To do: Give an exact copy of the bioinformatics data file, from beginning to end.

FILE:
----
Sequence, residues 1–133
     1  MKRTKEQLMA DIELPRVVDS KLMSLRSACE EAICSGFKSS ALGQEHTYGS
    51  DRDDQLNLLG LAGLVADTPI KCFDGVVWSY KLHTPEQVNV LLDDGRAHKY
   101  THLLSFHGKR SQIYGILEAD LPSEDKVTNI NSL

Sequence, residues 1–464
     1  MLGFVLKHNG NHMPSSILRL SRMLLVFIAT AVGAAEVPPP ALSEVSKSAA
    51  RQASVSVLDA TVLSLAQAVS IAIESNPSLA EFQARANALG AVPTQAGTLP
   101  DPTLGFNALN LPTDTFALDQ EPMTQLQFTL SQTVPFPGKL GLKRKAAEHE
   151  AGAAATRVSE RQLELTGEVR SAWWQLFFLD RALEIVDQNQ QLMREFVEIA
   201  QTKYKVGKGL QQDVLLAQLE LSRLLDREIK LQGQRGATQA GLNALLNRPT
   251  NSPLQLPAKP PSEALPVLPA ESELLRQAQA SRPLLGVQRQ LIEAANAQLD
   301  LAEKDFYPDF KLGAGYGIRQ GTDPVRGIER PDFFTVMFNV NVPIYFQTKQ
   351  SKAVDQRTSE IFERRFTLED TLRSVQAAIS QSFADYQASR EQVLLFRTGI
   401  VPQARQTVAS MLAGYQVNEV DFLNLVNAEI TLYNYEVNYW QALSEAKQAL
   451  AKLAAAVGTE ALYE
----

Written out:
Sequence, residues 1–133
     1  MKRTKEQLMA DIELPRVVDS KLMSLRSACE EAICSGFKSS ALGQEHTYGS
    51  DRDDQLNLLG LAGLVADTPI KCFDGVVWSY KLHTPEQVNV LLDDGRAHKY
   101  THLLSFHGKR SQIYGILEAD LPSEDKVTNI NSL

Sequence, residues 1–464
     1  MLGFVLKHNG NHMPSSILRL SRMLLVFIAT AVGAAEVPPP ALSEVSKSAA
    51  RQASVSVLDA TVLSLAQAVS IAIESNPSLA EFQARANALG AVPTQAGTLP
   101  DPTLGFNALN LPTDTFALDQ EPMTQLQFTL SQTVPFPGKL GLKRKAAEHE
   151  AGAAATRVSE RQLELTGEVR SAWWQLFFLD RALEIVDQNQ QLMREFVEIA
   201  QTKYKVGKGL QQDVLLAQLE LSRLLDREIK LQGQRGATQA GLNALLNRPT
   251  NSPLQLPAKP PSEALPVLPA ESELLRQAQA SRPLLGVQRQ LIEAANAQLD
   301  LAEKDFYPDF KLGAGYGIRQ GTDPVRGIER PDFFTVMFNV NVPIYFQTKQ
   351  SKAVDQRTSE IFERRFTLED TLRSVQAAIS QSFADYQASR EQVLLFRTGI
   401  VPQARQTVAS MLAGYQVNEV DFLNLVNAEI TLYNYEVNYW QALSEAKQAL
   451  AKLAAAVGTE ALYE